Overcoming the barriers that impede HIV vaccine development and testing

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Guest Editor
Dr. Beatrice Ondondo
The Jenner Institute, Nuffield Department of Medicine, University of Oxford, UK.
Email: Beatrice.Ondondo@ndm.ox.ac.uk

Manuscript Topics
HIV/AIDS remains one of the major global health issues, especially in low to middle income countries (LMIC), where limited resources preclude free access to sustainable interventions, including antiretroviral therapy (HAART) and other preventive strategies. An effective vaccine will have the profound effect of preventing new HIV infections, as well as protecting the infected individuals from rapid progression to AIDS and death. However, despite many years of active research an effective vaccine against HIV/AIDS is yet to be found. A number of obstacles relating to the biological and physical characteristics of the virus, socio-cultural perceptions of affected communities, inadequate research infrastructure and funding in LMIC and a general lack of incentive for industry and biotech companies (owing to low financial returns and lengthy validation processes) have collectively hindered HIV vaccine development in the past. However, there have been recent innovative developments pointing to the possibility that an efficacious vaccine against HIV/AIDS is not completely out of reach. This special issue of AIMS Public Health will discuss the recent developments in research and technologies relating to HIV vaccine development and testing with the aim of highlighting the fundamental strategies that can be harnessed to accelerate the development of an effective vaccine for HIV/AIDS. Original research articles, reviews and opinion articles covering various aspects of HIV vaccine research, development and testing are invited for consideration. Areas of interest include but are not limited to the following:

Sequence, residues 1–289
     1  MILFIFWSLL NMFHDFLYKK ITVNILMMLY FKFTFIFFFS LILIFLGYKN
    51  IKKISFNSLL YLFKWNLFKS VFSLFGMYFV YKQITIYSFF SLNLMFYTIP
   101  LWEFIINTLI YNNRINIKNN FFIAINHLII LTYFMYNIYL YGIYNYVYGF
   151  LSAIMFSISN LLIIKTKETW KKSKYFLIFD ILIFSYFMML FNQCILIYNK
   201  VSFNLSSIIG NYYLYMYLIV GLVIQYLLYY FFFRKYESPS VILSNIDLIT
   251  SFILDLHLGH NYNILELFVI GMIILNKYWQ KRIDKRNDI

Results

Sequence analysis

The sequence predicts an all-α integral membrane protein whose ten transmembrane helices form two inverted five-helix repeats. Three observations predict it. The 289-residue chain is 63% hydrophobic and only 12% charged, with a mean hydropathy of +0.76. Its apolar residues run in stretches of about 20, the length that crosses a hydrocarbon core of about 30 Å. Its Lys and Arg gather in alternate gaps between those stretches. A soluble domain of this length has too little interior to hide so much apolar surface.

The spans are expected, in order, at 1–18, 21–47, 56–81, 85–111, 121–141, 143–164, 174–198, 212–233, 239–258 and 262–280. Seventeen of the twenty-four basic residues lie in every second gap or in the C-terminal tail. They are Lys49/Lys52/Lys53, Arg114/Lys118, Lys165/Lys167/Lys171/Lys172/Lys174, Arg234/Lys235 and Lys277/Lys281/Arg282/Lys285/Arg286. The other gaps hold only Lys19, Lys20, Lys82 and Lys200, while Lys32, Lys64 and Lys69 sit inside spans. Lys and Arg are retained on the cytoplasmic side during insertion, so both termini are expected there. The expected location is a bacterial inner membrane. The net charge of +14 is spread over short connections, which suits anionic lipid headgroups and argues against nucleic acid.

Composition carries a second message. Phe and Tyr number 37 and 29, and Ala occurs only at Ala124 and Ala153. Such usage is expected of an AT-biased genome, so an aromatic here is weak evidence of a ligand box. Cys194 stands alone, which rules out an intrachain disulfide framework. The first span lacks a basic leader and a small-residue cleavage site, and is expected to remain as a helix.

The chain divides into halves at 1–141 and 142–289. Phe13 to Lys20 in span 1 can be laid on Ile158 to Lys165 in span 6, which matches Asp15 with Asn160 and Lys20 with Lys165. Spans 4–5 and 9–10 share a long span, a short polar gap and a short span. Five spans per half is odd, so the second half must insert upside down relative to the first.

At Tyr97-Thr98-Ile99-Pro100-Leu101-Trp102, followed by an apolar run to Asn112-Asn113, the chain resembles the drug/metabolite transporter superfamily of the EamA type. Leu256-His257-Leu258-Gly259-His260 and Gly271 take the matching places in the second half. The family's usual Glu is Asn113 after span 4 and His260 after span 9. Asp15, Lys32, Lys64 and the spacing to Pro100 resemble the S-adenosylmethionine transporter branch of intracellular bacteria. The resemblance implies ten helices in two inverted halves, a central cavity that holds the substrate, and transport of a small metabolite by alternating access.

1.) New approaches for antibody and T cell vaccines (improved immunogen design for enhanced efficacy)
2.) Enhancement of immunogenicity of prophylactic and therapeutic HIV vaccines
3.) Improved HIV vaccine delivery methods (vectors, adjuvants and routes of immunization)
4.) Lack of appropriate and reliable animal models for testing vaccine efficacy
5.) Lack of accurate correlates of protective efficacy
6.) Overcoming the challenges of volunteer recruitment into vaccine trials and cohort studies (stigma associated with MSM and FSW groups; misconceptions that HIV vaccines can lead to sero-conversion; general reluctance to participate in trials of unlicensed vaccines; difficulties in recruiting infants, children and adolescents; etc.)
7.) Challenges of invasive mucosal sampling (general acceptability issues; sample volume limitations; contamination issues; etc.)
8.) Insufficient resources for research infrastructure in LMIC (limited financing for research and development facilities and equipment)
9.) Social-economic factors and cultural (as well as religious) practices that hinder the successful implementation of existing HIV treatment and prevention strategies
10.) Economic barriers and lack of incentives for pharmaceutical and biotech companies in terms of full recovery of vaccine development and manufacturing costs.

Paper submission
All manuscripts will be peer-reviewed before their acceptance for publication.
The deadline for manuscript submission is 28 June 2015.

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Marc H V Van Regenmortel
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